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Molly S. Shoichet

 
#iAmBiomed because together we can make a difference.
Molly's Biography

Professor Molly Shoichet holds the Tier 1 Canada Research Chair in Tissue Engineering at the University of Toronto and is Senior Advisor on Science & Engineering Engagement to President Gertler. She has published over 500 papers, patents and abstracts and given over 325 lectures worldwide. She currently leads a laboratory of 30 and has graduated 162 researchers. She founded two spin-off companies and is actively engaged in translational research. She is the only person to be a Fellow of Canada’s 3 National Academies of Science, Engineering, Health Sciences. Dr. Shoichet is the L’Oreal-UNESCO For Women in Science Laureate, North America for 2015. She holds the Order of Ontario and the QEII Diamond Jubilee Award. Dr. Shoichet is University Professor, a distinction held by less than 2% of the faculty, and a Foreign Member of the US National Academy of Engineering. She graduated from the Massachusetts Institute of Technology (1987) and the University of Massachusetts, Amherst in Polymer Science and Engineering (1992).

University Professor at the University of Toronto – I lead a lab of 30 researchers and together with our collaborators we try to solve big problems in biology for ultimate application in medicine. Specifically, we invent new materials that either specifically kill cancer cells (to ultimately treat diseases like breast or brain cancer) or specifically stimulate stem cells to promote tissue and functional repair (to ultimately treat diseases like stroke, blindness and spinal cord injury).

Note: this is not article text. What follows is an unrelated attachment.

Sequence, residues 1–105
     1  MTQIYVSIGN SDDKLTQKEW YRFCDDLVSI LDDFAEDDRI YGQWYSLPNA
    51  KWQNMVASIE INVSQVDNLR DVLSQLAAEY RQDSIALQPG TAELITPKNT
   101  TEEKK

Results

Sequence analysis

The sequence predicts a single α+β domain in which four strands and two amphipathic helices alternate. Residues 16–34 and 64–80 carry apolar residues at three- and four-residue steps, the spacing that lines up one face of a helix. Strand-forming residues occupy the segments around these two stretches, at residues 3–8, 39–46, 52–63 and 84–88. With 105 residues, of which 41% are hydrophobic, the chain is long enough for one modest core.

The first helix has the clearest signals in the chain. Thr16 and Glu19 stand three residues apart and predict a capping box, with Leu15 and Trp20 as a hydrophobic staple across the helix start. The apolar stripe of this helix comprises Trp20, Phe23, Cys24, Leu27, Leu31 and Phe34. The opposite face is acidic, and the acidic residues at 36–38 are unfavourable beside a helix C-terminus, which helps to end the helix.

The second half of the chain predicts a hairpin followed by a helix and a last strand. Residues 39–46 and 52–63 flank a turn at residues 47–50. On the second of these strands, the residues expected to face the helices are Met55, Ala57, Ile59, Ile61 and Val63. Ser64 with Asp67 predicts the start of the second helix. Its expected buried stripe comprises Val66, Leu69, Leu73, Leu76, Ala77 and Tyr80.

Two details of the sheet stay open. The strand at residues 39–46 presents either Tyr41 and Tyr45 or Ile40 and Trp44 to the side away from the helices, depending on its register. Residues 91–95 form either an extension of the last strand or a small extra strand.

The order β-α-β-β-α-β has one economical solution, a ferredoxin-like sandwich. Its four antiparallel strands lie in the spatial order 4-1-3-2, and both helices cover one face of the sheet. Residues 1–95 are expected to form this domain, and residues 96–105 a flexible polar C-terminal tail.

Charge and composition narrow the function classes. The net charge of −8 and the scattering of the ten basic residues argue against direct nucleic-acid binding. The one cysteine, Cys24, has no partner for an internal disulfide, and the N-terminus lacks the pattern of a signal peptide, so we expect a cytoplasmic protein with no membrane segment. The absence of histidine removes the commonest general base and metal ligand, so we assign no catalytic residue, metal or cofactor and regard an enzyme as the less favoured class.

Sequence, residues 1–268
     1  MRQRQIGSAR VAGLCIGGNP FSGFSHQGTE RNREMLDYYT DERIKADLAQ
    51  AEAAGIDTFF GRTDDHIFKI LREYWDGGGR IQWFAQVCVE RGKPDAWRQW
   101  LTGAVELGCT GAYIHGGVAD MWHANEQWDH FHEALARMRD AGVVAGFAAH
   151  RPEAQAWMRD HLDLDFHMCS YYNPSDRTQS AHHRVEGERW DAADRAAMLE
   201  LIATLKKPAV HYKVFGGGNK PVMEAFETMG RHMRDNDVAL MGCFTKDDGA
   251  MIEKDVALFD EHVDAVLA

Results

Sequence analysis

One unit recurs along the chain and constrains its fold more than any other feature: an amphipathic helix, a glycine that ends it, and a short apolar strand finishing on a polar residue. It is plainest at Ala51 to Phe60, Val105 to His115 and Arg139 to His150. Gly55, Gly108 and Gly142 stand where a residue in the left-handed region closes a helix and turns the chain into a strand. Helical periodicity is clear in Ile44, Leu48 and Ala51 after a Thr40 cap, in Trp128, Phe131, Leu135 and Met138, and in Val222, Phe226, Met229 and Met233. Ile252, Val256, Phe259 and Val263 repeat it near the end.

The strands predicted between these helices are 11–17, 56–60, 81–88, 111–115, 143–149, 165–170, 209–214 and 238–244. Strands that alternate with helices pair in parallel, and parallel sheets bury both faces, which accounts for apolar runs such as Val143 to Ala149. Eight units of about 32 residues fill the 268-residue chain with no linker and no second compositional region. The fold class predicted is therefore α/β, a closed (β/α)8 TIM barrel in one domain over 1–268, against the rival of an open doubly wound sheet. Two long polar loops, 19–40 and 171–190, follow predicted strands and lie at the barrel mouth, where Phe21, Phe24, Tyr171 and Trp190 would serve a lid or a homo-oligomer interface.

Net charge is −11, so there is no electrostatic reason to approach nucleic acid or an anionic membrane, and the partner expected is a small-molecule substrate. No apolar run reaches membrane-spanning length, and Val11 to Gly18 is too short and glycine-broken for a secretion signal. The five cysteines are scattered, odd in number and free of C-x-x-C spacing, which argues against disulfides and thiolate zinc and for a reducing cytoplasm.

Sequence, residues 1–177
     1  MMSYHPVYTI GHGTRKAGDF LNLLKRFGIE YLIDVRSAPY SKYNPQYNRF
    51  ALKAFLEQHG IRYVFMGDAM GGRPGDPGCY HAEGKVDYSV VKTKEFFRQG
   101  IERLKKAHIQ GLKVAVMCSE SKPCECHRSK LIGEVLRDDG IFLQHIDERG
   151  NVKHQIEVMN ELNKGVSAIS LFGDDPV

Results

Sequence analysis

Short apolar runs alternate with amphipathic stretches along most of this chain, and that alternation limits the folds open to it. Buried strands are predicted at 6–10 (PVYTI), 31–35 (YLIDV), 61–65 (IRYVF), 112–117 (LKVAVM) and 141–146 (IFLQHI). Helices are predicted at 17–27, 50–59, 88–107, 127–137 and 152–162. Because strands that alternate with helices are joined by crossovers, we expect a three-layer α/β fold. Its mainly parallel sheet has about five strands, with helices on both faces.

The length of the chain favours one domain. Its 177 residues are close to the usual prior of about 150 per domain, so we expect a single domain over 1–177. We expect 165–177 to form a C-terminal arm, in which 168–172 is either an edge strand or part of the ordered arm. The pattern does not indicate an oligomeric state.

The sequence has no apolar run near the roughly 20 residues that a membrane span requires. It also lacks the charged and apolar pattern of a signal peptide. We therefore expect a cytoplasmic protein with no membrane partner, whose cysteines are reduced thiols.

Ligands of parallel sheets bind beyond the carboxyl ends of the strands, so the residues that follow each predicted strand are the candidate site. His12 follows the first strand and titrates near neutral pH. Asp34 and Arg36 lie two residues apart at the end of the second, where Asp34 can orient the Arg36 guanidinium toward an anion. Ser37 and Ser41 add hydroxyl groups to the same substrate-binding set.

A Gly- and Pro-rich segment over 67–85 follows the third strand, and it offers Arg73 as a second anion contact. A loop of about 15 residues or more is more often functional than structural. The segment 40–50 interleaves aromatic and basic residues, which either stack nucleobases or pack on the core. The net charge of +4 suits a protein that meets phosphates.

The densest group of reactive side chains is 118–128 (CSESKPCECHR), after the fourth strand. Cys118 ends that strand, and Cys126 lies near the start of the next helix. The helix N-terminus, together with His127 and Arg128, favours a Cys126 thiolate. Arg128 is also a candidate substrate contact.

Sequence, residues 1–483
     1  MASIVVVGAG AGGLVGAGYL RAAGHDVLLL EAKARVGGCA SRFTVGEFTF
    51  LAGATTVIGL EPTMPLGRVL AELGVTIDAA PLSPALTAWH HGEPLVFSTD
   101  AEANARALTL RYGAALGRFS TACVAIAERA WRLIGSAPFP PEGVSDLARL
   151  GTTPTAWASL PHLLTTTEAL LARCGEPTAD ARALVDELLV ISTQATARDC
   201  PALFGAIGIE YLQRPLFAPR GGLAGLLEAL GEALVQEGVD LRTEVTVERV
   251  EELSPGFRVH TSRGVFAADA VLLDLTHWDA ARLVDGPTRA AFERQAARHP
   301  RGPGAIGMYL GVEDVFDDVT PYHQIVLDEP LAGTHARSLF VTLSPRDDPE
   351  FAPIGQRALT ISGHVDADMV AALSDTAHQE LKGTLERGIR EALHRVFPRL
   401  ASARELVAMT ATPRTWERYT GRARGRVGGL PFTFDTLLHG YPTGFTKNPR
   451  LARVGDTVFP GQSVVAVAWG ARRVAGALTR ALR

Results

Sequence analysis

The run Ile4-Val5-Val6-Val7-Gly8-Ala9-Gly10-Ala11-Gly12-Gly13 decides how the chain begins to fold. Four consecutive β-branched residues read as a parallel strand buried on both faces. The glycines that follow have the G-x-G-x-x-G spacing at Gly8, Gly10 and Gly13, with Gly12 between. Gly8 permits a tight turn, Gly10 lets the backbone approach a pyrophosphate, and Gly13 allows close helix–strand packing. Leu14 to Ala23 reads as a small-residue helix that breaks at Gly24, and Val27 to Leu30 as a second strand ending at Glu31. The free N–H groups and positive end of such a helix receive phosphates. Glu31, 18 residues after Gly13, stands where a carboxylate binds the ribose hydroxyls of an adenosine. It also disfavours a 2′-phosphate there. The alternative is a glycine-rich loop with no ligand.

I love learning and love that I can do this every day by working with super smart students and post-doctoral fellows to try to answer questions and solve problems that no one has been able to answer before. It is wonderful to bring an idea to fruition, with the ultimate goal of making a difference in people’s lives.

My degrees in science are the cornerstones of my career. I build on this fundamental knowledge every day.

It’s fascinating to think of the diversity of problems that we can solve together and the opportunities to advance knowledge.

Our research at the intersection of engineering, biology, chemistry and medicine is fascinating. It is remarkable to realize that a simple hydrogel can influence the survival of cells once they are transplanted, and that this simple, yet critical effect, can result in some vision restoration and some brain functional repair.

When I made my first polymer, I was inspired to learn more. When I graduated with my PhD in Polymer Science & Engineering, I wanted to combine my passion with polymers with that in medicine and got my first job in industry in this field. I found myself in the emerging field of regenerative medicine and was inspired to make a difference. When I looked for a job in Toronto, I was excited by the research in Chemical Engineering and the opportunities for collaboration in medicine. This led me to the University of Toronto where I have been able to pursue new ideas, forge great collaborations, advance knowledge, patent our inventions and work with industry to translate our ideas to practical application.

In order to solve the big problems that we face in medicine, we need to engage our most creative researchers. In order to make a difference, we need to look at problems in a new way. We need to harness the full community – women and men – in order to realize change. I co-Founded Research2Reality (a national social media campaign) to engage the public in research, to showcase how today’s research is impacting tomorrow’s reality in all fields of research – energy, environment, health, society.

The most important advice is to stay in the game – pursue your dreams – make a difference. Nothing in life just happens. Find excellent mentors who can help you achieve success.

Through outreach and professional development activities, research, partnerships, thought leadership and online initiatives, we work with industry and academia to educate on the value of diversity for innovation, to inspire women to thrive and to celebrate the contributions of women in science and engineering.
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